NASA | STScI | HubbleSite | 2017 Jun 21
By combining the power of a "natural lens" in space with the capability of NASA's Hubble Space Telescope, astronomers made a surprising discovery—the first example of a compact yet massive, fast-spinning, disk-shaped galaxy that stopped making stars only a few billion years after the big bang.
Finding such a galaxy early in the history of the universe challenges the current understanding of how massive galaxies form and evolve, say researchers.
When Hubble photographed the galaxy, astronomers expected to see a chaotic ball of stars formed through galaxies merging together. Instead, they saw evidence that the stars were born in a pancake-shaped disk.
This is the first direct observational evidence that at least some of the earliest so-called "dead" galaxies — where star formation stopped — somehow evolve from a Milky Way-shaped disk into the giant elliptical galaxies we see today.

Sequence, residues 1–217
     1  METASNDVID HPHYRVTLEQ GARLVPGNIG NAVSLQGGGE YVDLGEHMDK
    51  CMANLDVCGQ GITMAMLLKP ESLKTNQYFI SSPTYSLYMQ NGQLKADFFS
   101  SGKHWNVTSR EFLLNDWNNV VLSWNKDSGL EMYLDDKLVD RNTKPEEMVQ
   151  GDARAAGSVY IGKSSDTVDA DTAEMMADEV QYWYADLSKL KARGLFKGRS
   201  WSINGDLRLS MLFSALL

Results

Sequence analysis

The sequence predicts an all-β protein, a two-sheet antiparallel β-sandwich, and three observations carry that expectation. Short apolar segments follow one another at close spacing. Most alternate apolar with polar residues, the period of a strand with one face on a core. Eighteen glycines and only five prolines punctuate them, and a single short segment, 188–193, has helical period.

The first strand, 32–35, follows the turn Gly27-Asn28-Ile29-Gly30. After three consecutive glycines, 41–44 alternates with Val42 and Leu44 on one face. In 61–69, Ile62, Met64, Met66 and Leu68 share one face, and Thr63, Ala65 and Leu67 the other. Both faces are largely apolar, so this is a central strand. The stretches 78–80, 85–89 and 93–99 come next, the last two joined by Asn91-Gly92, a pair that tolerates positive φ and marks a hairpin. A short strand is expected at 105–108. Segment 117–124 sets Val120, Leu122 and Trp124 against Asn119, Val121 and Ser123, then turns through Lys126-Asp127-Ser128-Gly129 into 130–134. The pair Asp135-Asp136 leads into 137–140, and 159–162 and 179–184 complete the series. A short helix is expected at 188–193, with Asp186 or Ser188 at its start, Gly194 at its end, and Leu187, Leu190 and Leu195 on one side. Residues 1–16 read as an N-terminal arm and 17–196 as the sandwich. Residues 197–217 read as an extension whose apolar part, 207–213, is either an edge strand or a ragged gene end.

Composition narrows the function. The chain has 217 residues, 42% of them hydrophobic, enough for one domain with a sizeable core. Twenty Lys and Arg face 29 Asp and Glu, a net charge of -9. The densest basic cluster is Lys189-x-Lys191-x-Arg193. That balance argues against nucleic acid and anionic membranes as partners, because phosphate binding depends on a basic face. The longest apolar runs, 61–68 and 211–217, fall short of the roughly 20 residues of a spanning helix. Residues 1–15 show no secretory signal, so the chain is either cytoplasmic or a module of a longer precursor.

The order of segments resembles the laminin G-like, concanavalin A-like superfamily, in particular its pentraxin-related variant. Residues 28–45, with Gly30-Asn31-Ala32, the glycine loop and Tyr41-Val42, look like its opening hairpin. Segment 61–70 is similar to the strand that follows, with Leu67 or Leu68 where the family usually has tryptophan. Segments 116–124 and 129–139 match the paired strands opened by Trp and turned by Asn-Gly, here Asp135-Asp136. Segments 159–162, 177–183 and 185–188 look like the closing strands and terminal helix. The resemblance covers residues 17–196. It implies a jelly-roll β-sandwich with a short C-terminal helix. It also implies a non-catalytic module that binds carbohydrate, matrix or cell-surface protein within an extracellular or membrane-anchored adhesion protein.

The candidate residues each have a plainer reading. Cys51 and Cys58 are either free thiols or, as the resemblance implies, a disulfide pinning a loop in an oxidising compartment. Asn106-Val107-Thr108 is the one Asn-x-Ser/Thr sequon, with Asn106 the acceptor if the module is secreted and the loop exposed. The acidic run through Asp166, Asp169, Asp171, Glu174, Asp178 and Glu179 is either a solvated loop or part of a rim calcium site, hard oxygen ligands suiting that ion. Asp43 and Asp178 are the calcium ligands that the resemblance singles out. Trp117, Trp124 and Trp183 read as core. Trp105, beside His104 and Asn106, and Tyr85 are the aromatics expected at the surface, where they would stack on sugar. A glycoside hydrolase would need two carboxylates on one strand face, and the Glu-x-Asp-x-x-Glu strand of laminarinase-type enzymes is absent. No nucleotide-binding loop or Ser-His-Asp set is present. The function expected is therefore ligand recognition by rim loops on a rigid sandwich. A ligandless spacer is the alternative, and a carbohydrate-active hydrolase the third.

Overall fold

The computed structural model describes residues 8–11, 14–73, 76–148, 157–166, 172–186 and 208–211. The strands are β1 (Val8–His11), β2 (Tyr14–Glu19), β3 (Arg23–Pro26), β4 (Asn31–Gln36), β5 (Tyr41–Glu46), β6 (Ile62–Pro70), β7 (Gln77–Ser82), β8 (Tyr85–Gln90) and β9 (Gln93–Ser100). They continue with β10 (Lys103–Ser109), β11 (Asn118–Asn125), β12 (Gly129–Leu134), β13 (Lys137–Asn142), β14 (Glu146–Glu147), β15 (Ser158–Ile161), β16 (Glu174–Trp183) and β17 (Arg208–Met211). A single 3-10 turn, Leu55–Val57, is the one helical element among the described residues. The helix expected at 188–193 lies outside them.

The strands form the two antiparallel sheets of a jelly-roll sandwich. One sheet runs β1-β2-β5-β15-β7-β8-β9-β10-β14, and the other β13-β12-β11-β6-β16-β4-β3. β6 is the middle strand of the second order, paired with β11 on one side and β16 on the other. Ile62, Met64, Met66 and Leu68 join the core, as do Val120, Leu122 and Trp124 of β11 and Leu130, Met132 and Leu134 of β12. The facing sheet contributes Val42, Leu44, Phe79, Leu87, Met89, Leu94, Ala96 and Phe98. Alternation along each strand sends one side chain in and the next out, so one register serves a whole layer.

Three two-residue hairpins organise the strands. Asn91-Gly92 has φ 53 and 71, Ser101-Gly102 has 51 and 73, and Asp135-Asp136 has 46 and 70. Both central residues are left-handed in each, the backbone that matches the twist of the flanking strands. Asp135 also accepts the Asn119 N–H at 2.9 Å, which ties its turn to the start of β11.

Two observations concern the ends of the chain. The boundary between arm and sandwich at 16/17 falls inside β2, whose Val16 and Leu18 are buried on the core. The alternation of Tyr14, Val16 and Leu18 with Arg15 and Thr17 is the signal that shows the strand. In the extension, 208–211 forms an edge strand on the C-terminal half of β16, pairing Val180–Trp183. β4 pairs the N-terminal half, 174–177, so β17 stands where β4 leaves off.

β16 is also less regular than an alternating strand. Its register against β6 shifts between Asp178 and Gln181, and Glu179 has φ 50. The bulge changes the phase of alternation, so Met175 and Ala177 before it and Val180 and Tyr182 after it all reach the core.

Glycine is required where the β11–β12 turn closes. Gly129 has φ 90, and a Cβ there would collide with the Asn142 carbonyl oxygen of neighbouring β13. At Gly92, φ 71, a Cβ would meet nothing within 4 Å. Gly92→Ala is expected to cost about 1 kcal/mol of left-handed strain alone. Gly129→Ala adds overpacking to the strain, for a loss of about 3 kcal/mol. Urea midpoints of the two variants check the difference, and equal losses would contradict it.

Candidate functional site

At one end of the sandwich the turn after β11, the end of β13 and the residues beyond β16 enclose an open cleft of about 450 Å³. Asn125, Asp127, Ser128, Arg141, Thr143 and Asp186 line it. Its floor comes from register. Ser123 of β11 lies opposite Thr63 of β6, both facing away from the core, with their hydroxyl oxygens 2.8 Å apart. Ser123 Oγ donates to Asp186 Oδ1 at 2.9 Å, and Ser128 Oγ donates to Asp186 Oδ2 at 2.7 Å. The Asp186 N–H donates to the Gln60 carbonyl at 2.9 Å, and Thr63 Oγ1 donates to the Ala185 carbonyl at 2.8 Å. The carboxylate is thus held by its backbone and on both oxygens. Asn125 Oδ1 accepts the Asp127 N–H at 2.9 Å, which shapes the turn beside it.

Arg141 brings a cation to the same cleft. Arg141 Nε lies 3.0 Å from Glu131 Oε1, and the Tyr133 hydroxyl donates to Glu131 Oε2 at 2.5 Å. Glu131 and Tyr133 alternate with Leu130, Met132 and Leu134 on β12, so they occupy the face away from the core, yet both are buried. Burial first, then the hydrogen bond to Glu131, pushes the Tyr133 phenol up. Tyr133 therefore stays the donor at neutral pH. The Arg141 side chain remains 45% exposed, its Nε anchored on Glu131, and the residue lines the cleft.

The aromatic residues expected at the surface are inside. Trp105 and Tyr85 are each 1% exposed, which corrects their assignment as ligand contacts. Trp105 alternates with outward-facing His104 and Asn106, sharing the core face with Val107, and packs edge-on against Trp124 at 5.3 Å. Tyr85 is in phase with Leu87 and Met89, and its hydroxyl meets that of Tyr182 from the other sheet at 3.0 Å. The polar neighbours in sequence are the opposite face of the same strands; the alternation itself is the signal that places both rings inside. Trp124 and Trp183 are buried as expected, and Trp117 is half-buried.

This is a surprise because elliptical galaxies contain older stars, while spiral galaxies typically contain younger blue stars. At least some of these early "dead" disk galaxies must have gone through major makeovers. They not only changed their structure, but also the motions of their stars to make a shape of an elliptical galaxy. ...
A massive, dead disk galaxy in the early Universe - Sune Toft et al